Individual rationality is a central concern of economics. This is because of the influential view, associated with Adam Smith, that, even if all individuals are selfishly rational, the ‘invisible hand’ of the market will guide society to achieve efficiency. Smith’s work in the late eighteenth
century had a huge impact because it seemed to controvert Thomas Hobbes’ thesis that human beings, left to themselves without the controlling hand of the government, would end up in anarchy and chaos.
Over time, neo-conservative writers contorted Smith’s thesis to assert that, as long as the government does not interfere with the individuals’ pursuit of self-interest, an economy will prosper. All the government has to do is not be there.
But this thesis is flawed. First of all, modern game theory illustrates that rationality itself is a contentious idea. In ‘strategic’ situations, where several ‘rational’ agents confront one another, the meaning of rationality may be innately contested. Last year I published a paper in Scientific American, called ‘The Traveler’s Dilemma’, to demonstrate this. I had also hoped that it would rid some of our public intellectuals of their neo-conservative predilections. But, while I got a lot of response from around the world, the article went virtually unread in India. However, my paper now shows up on a travel and tourism website next to the announcement: “Fight Traveler’s Diarrhea, developed by a gastroenterologist.” Given the Indian obsession with gastric health, my hope is that people will find this website and then mistakenly read my paper.
Second, new research in economics shows that while the individual urge to maximise income and accumulate are stimulants to growth, a society also needs altruism, integrity and trust. These are the flora and fauna which enable industrialised economies to flourish, and their absence can doom an economy to stagnation. In some of the poorest parts of India, there is no trace of government. By the conservative argument these should be the most prosperous regions. One reason they are not is because they lack the enabling social norms and customs.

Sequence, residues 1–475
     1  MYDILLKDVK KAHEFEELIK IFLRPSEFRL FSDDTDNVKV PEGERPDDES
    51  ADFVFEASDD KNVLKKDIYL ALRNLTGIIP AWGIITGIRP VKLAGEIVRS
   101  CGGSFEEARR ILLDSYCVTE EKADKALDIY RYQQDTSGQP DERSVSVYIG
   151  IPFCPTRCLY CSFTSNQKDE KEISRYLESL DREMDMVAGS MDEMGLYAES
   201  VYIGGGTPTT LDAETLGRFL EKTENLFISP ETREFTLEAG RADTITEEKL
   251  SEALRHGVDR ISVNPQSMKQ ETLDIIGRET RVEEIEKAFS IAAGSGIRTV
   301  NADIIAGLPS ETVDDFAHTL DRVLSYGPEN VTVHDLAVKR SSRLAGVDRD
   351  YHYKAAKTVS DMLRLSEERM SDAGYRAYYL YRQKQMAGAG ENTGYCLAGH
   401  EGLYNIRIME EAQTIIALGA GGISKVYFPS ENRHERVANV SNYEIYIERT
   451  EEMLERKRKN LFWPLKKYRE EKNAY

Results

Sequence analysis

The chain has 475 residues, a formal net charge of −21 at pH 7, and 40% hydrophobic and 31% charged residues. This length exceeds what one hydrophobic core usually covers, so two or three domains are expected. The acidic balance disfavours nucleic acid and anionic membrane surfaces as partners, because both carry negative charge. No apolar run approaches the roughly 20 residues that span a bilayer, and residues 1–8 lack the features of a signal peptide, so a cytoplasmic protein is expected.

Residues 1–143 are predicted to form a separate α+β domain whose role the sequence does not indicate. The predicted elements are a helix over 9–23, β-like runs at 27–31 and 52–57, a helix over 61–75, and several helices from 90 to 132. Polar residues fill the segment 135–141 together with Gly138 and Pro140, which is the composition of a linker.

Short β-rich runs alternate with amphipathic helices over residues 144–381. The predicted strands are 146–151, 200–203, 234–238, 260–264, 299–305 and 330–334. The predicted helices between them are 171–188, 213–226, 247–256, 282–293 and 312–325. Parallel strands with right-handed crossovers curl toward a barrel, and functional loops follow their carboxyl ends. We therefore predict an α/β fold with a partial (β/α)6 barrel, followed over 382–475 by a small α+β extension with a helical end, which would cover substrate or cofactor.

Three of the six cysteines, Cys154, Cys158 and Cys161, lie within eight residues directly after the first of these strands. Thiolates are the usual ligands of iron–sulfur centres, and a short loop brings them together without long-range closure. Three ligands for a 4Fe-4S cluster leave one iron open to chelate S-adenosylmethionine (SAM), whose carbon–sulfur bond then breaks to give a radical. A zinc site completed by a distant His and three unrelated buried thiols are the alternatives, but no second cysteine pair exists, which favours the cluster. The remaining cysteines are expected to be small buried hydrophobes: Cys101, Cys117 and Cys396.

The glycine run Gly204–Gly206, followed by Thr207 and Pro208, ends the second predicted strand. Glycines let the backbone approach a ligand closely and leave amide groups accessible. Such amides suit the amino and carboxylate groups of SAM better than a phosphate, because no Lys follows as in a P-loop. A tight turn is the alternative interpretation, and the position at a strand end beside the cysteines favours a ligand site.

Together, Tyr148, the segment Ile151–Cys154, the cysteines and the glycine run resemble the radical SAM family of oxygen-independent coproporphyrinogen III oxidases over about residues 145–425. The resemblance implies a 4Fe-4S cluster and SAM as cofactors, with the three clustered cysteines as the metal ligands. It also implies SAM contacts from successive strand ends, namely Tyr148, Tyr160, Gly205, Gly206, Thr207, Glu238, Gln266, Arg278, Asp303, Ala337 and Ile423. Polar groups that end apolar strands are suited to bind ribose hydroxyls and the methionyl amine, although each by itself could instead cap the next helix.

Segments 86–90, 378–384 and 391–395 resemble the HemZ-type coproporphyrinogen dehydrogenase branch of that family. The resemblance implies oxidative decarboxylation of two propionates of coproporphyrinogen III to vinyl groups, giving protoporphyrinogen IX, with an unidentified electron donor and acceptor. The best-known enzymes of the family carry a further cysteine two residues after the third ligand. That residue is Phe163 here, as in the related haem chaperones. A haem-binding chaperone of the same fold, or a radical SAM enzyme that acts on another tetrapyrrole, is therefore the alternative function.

If a group of people is known to be trustworthy, they will find jobs more easily (since they will not have to be monitored closely), others will be willing to sign business contracts with them (since they will be less likely to renege), and, over time, this society will become more advanced. There is evidence that some groups are believed to be more trustworthy than others. Some recent laboratory experiments in Israel show that Ashkenazi Jews are more trustworthy than Eastern Jews. In Delhi, South Indians were believed to be more trustworthy as used-car sellers. I remember in the early eighties numerous car advertisements in newspapers claiming: “car owned by South Indian”. (When I went to see some of these cars, on more than one occasion I was met by a large North Indian, who assured me that the South Indian owner was having a bath.)
The reason why individual rationality is not sufficient to generate trust is the ‘free-rider problem’ — If your community is known to be trustworthy and you are not, you will do even better. Others will trust you and you will benefit by betraying the trust. Hence, trustworthiness and pro-social behavior survive only when these are social norms, and people adhere to them instinctively, without thinking of self-interest.
Inculcating the norms of honesty and pro-social behavior is important not only as an end in itself but because it is good for development. A part of the trust problem can however be solved, without overcoming the free-rider hurdle, if people become far-sighted. Being more trustworthy means being willing to take some immediate losses in order to build up a good reputation and do better in the future. I believe this is happening in India. It is difficult to provide hard data for this, but there is one piece of indirect evidence. India’s savings rate has risen sharply in recent years. But saving is the desire to sacrifice current consumption for future gain. This suggests that Indians are beginning to taker a longer run view of their own welfare. This in turn is making them more trustworthy. And from the point of view of development, this is reason for hope.
Kaushik Basu is Professor of Economics and Director, Center for Analytic Economics, Cornell University
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